“Christine, that’s all I ask of you.” –Phantom of the Opera Lyrics
When Total Packers ran stories on November 15 and 16 on the Packers’ possibly acquiring just-released Seahawks running back Christine Michael, and then confirming Green Bay did indeed claim him, commenters were less than enthusiastic. Some of the gripes: fumbles a lot, a head case, cut by three teams, not right for the Packers’ offense, has character issues, doesn’t catch many passes.
I’m going to take the opposite view – in desperate times like these, optimism is called for.
Christine Michael (pronounced Kris-tin), was among the top three running backs in the country coming out of high school in Texas. He went on to Texas A&M, had a fine college career, and was drafted in the second round in 2013 by Seattle’s savvy general manager, John Schneider.
He played sparingly in 2013 and 2014, but he has a Super Bowl ring from that first season, and would have another but for Russell Wilson being intercepted when he passed from the 1-yard line in the final minute of the Super Bowl in 2015. He was also on the field two weeks earlier when Green Bay infamously lost to the Seahawks in overtime 28-22.
Seattle traded him to Dallas as the 2015 season was about to begin. Seattle Times reporter Jayson Jenks at that time described Michael as being “a strange cocktail of talent, potential, immaturity, and inconsistency.” But he also quoted an NFL scout as saying he was the most gifted running back in the last five years. A strength/conditioning coach felt he was “as explosive as Adrian Peterson.”
Michael is 5’10″ and weighs 221. He is strong (27 bench presses) and was cast as the apparent successor to Marshawn Lynch. One observer gushed that all he had to do is walk on the field and his potential demanded to be seen – it was that obvious.
On the downside, others said the intricacies of the position evaded him (his Wonderlic score was 11), and that his inconsistency proved to be his downfall. One person noted that he’ll tease you with his potential.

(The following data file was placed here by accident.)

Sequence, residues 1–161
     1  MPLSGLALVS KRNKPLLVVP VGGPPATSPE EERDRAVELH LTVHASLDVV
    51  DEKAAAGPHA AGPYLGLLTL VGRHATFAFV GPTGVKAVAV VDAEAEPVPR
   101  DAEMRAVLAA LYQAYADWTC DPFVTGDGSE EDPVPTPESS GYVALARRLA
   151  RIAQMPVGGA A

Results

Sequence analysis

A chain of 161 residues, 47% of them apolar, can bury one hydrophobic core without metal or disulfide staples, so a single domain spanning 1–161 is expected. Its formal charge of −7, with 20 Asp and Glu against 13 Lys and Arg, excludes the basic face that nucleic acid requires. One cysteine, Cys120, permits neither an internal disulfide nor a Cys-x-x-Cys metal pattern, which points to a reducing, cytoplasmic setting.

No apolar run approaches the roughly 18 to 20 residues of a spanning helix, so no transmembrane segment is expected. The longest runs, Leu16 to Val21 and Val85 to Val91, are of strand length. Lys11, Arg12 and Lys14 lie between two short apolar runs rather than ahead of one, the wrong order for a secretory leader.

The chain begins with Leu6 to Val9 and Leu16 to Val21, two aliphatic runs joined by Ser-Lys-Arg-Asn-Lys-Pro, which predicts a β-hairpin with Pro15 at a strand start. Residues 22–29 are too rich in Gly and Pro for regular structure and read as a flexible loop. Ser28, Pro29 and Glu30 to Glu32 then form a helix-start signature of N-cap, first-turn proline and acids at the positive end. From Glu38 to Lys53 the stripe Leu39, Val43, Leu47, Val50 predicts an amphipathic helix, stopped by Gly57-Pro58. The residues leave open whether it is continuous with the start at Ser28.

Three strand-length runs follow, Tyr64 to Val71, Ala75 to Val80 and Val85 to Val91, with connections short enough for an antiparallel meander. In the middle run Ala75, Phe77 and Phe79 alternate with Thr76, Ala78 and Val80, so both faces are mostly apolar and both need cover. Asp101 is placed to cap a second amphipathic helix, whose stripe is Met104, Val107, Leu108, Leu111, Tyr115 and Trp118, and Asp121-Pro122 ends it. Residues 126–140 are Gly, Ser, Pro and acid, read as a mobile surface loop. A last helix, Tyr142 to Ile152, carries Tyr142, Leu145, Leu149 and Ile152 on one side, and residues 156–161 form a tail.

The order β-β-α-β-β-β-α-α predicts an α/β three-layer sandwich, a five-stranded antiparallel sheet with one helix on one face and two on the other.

As to those commenter complaints, I see no indication of a fumbling problem (he’s lost one fumble in 233 regular season carries), and no dire character issues (drugs, domestic abuse, criminal record, etc.). He caught 20 passes in his nine games with Seattle this year – though at under five yards a catch, they must have been mostly dump-offs by Wilson.
As for being cut by three teams (twice by Seattle), the fact that Seattle brought him back for the tail end of the 2015 season, and started him right up to the time of his release this year indicates the Seahawks by no means viewed him as damaged goods. He even started last year’s playoff game against the Vikings, rushing for 70 yards on 14 carries, and helping Seattle survive, by a 10-9 score.
There’s an additional irony here. Seattle released Michael last week when Thomas Rawls got his health back, rendering Michael a third stringer, behind Rawls and fast-rising C.J. Prosise. Five days after the Packers acquired him, Prosise damaged his shoulder and is probably out for the rest of the year.
A second irony: the Vikings were also ready to claim Michael off waivers, but the Packers had first dibs due to their worse win-loss record on the year.
A Realistic Plan
The last thing the Packers (or their fans) need to be worrying about is Michael’s long-term prospects. Unlike Knile Davis, Michael has not been warming the bench. Until last Sunday, he played in all nine Seahawks’ games, and he averaged over 15 carries and 2.7 catches in the first seven – considerably more work than Eddie Lacy was getting at the time.
He’s ready to go. All the team needed do is assign a coach to him, work up a small number of basic plays designed expressly for him, and start him on Monday night. See what he can do – unleash that potential.
Maybe Michael can tease us for just six weeks with his talent. Christine, that’s all I ask of you.